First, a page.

The sun is shining, the sky is blue. The view of downtown Chicago from the corner room of a 20th. floor is impressive. How wonderful to wake up in a room where I went to bed the night before.
The following is a quote recently attributed to me in posts to Elephant Talk, and it is almost accurate. "The only reward a musician should receive is music". A more accurate quote is actually the only reward a musician receives is music. Still, you don't get much closer than that - rather like hitting an E flat instead of an E.
I have now lived longer than Nietzsche.
Somewhat practiced in readiness for this evening, Devil Throat continues.
A boisterous & generous crowd, fairly vocal. A most enjoyable performance. Once again the band comment that a venue with mixed standing & seated is the way to go for us.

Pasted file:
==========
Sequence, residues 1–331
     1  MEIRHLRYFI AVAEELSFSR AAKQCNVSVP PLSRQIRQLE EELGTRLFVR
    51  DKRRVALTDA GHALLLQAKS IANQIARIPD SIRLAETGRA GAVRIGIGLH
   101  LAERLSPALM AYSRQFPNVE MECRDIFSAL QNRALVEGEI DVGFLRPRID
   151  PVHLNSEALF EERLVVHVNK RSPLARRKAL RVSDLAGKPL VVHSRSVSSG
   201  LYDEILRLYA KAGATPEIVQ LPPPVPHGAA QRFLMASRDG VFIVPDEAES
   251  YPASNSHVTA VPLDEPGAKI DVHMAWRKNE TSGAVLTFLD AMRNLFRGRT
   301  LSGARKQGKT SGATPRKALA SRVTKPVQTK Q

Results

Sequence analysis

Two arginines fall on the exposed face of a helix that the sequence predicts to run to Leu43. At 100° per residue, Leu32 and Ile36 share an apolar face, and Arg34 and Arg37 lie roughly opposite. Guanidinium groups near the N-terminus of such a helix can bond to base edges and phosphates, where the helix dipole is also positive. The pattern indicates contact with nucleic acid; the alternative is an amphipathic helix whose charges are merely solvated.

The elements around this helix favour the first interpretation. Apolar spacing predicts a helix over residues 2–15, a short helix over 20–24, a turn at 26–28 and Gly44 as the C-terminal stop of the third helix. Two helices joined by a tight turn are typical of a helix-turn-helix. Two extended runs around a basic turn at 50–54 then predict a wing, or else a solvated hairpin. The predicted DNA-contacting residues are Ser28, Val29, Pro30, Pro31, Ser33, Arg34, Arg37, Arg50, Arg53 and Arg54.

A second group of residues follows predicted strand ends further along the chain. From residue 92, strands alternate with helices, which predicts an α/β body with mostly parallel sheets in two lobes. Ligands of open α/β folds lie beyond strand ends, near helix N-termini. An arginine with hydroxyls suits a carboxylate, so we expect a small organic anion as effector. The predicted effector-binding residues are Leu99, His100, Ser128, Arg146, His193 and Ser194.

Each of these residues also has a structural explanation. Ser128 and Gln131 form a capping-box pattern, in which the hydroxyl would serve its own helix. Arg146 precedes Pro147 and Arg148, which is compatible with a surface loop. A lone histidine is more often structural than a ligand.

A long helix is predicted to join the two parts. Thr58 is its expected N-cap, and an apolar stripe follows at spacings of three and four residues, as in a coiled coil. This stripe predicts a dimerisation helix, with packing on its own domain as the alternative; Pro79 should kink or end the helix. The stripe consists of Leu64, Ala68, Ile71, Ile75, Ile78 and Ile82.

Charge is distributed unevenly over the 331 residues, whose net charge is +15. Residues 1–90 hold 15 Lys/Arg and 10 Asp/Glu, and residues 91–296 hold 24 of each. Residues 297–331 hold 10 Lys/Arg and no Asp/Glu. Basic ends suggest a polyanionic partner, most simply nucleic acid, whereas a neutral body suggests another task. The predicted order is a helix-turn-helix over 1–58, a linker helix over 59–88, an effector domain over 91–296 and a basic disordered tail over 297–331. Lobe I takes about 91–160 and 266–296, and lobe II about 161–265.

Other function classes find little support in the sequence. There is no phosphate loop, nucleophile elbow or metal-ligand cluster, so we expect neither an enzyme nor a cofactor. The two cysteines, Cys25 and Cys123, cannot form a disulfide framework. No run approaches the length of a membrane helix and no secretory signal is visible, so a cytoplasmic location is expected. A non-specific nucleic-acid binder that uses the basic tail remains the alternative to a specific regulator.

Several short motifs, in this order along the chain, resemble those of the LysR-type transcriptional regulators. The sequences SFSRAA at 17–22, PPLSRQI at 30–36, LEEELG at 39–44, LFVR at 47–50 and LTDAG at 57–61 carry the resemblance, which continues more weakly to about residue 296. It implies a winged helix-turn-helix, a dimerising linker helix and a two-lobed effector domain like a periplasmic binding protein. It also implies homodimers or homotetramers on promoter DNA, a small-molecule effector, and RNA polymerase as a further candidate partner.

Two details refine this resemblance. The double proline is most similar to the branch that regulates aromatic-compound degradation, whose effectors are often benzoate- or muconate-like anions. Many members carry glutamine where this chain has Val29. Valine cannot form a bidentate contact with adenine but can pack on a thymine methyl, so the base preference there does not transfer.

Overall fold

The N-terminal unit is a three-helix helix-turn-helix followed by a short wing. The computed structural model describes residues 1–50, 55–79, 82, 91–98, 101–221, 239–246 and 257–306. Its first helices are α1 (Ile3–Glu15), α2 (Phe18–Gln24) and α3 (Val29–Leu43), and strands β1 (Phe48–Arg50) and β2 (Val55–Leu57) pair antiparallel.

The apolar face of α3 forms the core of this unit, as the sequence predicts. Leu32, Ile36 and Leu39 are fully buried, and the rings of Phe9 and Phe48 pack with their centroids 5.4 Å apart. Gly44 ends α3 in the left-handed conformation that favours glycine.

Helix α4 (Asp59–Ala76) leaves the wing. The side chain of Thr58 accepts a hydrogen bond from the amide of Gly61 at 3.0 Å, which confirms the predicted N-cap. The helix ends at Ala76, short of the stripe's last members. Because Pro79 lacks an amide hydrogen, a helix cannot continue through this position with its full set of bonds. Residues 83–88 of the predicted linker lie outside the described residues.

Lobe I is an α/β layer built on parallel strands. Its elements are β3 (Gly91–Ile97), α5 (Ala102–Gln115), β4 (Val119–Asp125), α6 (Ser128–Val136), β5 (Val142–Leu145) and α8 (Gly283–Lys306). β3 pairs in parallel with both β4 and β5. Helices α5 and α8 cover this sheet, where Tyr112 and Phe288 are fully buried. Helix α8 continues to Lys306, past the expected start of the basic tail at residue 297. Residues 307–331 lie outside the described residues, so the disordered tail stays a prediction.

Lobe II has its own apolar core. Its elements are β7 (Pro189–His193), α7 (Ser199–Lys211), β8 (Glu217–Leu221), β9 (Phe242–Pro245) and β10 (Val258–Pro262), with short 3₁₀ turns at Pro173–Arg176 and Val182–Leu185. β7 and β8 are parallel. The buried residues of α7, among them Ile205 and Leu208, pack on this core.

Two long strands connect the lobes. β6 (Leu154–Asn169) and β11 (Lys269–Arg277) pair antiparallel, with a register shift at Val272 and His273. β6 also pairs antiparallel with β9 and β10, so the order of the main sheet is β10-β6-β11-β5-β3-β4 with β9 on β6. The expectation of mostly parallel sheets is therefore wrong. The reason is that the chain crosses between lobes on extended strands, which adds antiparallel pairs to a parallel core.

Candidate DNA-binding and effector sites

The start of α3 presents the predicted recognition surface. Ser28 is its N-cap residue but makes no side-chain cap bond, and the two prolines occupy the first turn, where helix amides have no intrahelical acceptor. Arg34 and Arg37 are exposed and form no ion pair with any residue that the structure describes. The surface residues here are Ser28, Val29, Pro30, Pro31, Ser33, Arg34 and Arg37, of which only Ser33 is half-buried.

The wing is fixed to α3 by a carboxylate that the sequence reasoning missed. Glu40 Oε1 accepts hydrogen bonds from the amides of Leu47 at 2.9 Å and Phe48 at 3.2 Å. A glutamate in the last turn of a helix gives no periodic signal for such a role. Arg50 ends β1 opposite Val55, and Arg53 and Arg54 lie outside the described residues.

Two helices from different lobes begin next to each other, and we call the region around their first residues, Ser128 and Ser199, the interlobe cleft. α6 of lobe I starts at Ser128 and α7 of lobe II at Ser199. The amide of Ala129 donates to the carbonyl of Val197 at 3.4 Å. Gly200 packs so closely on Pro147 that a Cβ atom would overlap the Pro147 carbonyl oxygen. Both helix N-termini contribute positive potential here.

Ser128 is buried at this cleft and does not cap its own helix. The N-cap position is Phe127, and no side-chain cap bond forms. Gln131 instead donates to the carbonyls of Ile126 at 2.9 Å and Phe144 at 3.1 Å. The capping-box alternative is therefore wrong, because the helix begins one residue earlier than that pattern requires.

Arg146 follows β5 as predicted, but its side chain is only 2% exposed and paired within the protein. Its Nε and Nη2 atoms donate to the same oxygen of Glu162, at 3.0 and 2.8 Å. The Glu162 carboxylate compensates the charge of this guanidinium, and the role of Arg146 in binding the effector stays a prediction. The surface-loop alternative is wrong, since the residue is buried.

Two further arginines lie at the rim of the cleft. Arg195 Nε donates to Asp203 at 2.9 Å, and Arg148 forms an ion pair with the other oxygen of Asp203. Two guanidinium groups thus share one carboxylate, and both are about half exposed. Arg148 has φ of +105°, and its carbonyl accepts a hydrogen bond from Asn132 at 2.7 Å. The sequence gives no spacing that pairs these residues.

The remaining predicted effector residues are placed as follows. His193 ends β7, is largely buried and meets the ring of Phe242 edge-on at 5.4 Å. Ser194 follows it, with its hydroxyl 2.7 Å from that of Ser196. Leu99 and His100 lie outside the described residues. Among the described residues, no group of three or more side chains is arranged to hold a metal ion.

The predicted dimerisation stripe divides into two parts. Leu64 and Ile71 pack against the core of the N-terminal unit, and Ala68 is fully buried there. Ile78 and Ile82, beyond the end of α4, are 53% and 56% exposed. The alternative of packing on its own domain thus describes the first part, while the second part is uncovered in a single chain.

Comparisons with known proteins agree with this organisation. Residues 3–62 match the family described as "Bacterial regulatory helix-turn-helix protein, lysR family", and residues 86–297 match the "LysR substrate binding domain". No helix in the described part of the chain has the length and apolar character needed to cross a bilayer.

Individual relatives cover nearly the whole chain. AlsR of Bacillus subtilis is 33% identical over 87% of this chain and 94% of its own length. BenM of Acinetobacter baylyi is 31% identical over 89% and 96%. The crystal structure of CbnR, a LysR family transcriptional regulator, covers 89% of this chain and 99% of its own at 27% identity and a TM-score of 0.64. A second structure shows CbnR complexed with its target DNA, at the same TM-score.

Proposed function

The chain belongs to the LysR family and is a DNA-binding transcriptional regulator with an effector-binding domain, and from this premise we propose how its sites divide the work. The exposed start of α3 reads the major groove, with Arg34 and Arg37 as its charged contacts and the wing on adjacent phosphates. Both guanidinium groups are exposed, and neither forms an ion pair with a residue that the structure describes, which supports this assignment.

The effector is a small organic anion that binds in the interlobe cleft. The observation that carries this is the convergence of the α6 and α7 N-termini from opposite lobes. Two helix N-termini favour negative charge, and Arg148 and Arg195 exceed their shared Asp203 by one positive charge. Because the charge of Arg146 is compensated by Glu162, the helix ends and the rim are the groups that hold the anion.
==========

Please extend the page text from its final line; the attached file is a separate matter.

A personal comment: there was a point of openness within the set. There is the band, the audience, the playing, the music - and an openness within it. Ah, joy.
As I left the soundcheck, Pat was continuing his incremental movement forward. This was the first time I have heard acoustic-electric drumming as I have hoped to hear it.
And a spare pick on the Lunar Module was missing. This is one of my dwindling lifetime's supply. When they are used up, there are none left & no more to replace them. I have enough to end my playing days, providing I am economical. John tells me that it disappeared in Quebec. He attributes this to a student venue & student assistance, and one of those assistant students deciding he would collect a Fripp pick. This has happened before.
After all, what does it matter? Just one small detail, like one little pick, one photo, one autograph, or one prick in a baloon. It may be difficult for us to believe that the small gestures we make might have a beneficial effect in a strange and threatening world. But it is very easy for small actions to do damage, and in ways that we decline to acknowledge. After all, it's just one little prick in the balloon.